witchhunt, as some people might have expected. but what is important here is that these particular charges are not directly related to the core allegations of, as they said collusion, who knows what that means? basically, being in on russia's meddling in the 2016 means? basically, being in on russia's and iling in the 2016 means? basically, being in on russia's and so g in the 2016 means? basically, being in on russia's and so to n the 2016 means? basically, being in on russia's and so to that; 2016 means? basically, being in on russia's and so to that point, it election. and so to that point, it may not be... this is creating a situation where each side can make whatever they would like to make out of it. you have republicans saying this has nothing to do with trump and this is before trump, and democrats would say it is the tip of the iceberg and trump is going down. whatever each party says, looking at robert mueller‘s investigation, did you anticipate more charges to follow or is this it? no, i think there will be a lot more. typically
in investigations like this, you may have indictments early on and these are going to be oriented towards getting people to testify, to turn on them and the report coming into this segment, you heard your reporter say that that was what was going on with george papadopoulos. and that is exactly right. you are going to try, mueller will try to make deals to get testimony out of people like - manafort and george people like paul manafort and george papadopoulos, in order to make his case stronger. because probably, a lot of the aspects of this case that they have about the russian activities, they're going to things like signals intelligence intercepts and things that will be hard to use in courtand and things that will be hard to use in court and hard forjoe rees to understand, so you need people to testify. some of these early indictments will hate —— will help create opportunities to secure testimony from some of the people
involved. can you spell that out? is that because you expect paul ma nafort that because you expect paul manafort for example to cooperate now? i don't know whether he will or not. i will say that in a lot of investigations like this, some of the early indictments are about securing cooperation. because now that he has been indicted on charges, even though they are not directly related to the russian election meddling, that he has a very strong incentive now to cooperate in order to make a deal to reduce those charges he has been and briefly about the indicted on. and briefly about the separate case of george papadopoulos. what are your views on the news about him, how serious is that case for the president? ma nafort that case for the president? manafort —— to was not known to be someone manafort —— to was not known to be someone who was particularly close to the president —— george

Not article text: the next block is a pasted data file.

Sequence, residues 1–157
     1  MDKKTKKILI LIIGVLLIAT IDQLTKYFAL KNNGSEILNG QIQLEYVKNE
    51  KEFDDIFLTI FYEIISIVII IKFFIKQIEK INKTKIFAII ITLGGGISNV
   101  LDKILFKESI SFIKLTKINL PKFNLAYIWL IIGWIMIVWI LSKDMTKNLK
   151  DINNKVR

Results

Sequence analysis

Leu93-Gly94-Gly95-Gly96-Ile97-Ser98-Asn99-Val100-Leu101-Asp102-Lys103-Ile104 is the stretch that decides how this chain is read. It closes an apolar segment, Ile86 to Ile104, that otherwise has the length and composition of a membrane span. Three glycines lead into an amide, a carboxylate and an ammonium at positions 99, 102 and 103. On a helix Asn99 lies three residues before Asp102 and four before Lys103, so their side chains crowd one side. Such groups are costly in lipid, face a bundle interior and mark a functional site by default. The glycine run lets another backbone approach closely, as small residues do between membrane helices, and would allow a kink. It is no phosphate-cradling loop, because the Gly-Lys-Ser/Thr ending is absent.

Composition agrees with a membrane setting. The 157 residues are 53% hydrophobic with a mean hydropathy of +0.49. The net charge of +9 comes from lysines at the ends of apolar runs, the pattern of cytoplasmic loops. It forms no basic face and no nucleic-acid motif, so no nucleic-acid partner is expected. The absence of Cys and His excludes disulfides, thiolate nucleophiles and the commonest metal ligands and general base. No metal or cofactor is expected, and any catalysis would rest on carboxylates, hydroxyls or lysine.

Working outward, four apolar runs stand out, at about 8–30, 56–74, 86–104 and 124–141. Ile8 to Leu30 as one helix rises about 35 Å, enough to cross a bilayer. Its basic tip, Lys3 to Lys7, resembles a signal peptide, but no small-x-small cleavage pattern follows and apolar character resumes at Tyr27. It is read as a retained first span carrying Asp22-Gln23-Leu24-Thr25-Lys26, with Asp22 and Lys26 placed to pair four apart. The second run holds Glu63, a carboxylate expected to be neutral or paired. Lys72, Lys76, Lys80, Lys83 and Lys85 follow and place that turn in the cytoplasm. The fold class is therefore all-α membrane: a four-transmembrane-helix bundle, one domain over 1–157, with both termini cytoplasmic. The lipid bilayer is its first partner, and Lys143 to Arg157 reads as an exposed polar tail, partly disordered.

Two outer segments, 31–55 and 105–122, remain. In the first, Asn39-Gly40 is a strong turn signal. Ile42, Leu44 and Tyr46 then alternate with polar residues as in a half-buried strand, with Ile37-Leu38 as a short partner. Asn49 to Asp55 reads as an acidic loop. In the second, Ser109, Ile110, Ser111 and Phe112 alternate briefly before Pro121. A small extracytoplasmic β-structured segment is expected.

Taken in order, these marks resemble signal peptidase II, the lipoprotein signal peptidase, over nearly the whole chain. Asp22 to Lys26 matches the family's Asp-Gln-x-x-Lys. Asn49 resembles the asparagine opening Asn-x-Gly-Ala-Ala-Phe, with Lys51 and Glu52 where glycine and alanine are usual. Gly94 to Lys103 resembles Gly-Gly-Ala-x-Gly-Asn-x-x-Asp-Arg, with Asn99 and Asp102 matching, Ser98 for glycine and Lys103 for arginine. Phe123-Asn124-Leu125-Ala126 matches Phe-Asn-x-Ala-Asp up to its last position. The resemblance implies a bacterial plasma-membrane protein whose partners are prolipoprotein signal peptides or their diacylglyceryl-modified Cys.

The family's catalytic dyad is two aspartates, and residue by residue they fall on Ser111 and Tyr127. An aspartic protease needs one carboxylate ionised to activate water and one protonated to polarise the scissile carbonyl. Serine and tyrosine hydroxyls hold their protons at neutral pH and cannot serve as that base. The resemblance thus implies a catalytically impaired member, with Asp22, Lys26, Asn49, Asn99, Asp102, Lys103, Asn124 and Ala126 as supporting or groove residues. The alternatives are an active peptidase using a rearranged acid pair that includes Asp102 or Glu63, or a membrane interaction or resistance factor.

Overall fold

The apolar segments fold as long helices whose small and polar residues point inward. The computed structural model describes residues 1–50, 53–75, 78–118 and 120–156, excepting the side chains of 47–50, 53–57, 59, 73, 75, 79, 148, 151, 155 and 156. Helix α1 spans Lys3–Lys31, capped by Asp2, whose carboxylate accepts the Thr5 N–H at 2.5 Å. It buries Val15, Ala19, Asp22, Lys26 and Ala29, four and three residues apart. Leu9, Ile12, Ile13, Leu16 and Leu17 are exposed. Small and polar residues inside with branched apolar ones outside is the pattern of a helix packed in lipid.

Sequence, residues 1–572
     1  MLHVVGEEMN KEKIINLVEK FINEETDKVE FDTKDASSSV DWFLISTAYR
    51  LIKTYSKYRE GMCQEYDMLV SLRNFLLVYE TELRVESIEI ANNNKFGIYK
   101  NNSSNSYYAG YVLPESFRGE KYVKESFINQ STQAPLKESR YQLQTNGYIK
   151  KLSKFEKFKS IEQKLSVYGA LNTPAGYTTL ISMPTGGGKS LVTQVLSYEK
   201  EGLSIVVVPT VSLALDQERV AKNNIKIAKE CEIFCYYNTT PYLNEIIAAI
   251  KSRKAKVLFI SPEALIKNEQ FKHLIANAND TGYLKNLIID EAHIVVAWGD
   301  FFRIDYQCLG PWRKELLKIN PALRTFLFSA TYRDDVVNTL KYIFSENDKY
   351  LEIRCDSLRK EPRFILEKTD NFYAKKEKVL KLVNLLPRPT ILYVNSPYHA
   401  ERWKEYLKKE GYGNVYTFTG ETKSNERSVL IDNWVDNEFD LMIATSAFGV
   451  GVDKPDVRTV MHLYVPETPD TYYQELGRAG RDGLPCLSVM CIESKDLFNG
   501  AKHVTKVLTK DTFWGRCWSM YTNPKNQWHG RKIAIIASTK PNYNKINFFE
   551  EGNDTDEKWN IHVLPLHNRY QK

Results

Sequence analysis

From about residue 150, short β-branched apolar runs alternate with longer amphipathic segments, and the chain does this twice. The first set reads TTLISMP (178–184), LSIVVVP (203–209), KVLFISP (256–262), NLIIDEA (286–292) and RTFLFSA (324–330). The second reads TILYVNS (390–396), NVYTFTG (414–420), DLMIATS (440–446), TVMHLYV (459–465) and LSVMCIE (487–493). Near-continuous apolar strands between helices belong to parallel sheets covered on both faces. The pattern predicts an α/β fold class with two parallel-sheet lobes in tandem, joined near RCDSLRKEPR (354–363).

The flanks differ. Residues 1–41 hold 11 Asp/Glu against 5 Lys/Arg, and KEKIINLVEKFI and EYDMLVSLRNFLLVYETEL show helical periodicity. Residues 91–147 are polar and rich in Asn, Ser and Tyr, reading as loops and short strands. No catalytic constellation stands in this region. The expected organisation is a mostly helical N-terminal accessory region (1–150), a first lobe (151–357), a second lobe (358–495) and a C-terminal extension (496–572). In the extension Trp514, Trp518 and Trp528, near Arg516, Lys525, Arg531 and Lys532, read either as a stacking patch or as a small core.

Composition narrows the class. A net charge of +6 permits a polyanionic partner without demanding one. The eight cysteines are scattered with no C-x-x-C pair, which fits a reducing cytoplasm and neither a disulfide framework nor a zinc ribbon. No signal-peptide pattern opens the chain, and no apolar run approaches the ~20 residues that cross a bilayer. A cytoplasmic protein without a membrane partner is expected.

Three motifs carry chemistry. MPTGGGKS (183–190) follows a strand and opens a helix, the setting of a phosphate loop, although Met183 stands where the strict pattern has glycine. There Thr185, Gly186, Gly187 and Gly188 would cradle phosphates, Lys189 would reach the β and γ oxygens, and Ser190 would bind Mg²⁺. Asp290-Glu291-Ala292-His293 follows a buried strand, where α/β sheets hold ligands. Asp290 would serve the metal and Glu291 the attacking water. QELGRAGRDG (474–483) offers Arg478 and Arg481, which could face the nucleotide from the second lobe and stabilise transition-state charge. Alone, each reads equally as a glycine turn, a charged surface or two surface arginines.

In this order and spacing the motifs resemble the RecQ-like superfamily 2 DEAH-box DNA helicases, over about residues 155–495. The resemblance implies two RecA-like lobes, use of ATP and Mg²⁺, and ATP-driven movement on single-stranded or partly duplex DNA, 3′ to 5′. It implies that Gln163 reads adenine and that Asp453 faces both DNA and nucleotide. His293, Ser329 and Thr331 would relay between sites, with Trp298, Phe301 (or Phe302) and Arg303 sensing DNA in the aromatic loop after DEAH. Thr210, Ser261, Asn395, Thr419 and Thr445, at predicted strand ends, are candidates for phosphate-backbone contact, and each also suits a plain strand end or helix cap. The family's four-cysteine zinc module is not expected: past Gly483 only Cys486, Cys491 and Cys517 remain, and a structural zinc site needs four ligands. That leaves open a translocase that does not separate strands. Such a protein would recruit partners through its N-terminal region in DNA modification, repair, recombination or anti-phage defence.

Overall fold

papadopoulos. he is on the periphery of the campaign. he was apparently on the foreign policy advisory committee the trump campaign setup, so committee the trump campaign setup, so this is closer and more direct to the campaign it sounds like the charges, they are more closely linked with russian collusion. from that sense, it is important. it also seems he is cooperating with mueller. so there is a good chance that you might see testimony from him implicating other people within the trump campaign. i think that is what mueller was looking for with this early indictment with papadopoulos and this early indictment with pa padopoulos and maybe this early indictment with papadopoulos and maybe also with manafort, we don't know. we have papadopoulos and maybe also with manafo there, ion't know. we have papadopoulos and maybe also with manafo there, thank now. we have papadopoulos and maybe also with manafo there, thank you. we have and we'll find out how this story — and many others — are covered in tomorrow's front pages at 10:40 this evening in the papers. 0ur guestsjoining me tonight are michael booker, deputy editor of the express, and the political commentator daisy mcandrew. the government has called for action
"within days" to deal with allegations of sexual harassment at westminster. the leader of the commons has told the house that she wants to see a new grievance procedure as soon as possible and a fresh code of conduct introduced, following claims of misconduct by some mps. 0ur political editor laura kuenssberg's report contains flash photography. what really happens within westminster‘s walls? it's work for thousands of people, but often, for young staff making their way, it's a place where they fear they could face harm. with suspicions in the air about politicians‘ behaviour... order! ..the speaker told the parties it's theirjob to clean up. there must be zero tolerance of sexual harassment or bullying here at westminster or elsewhere. with a stern—faced theresa may alongside, the leader of the commons promised a new complaints system for staff and vowed the parties will work together.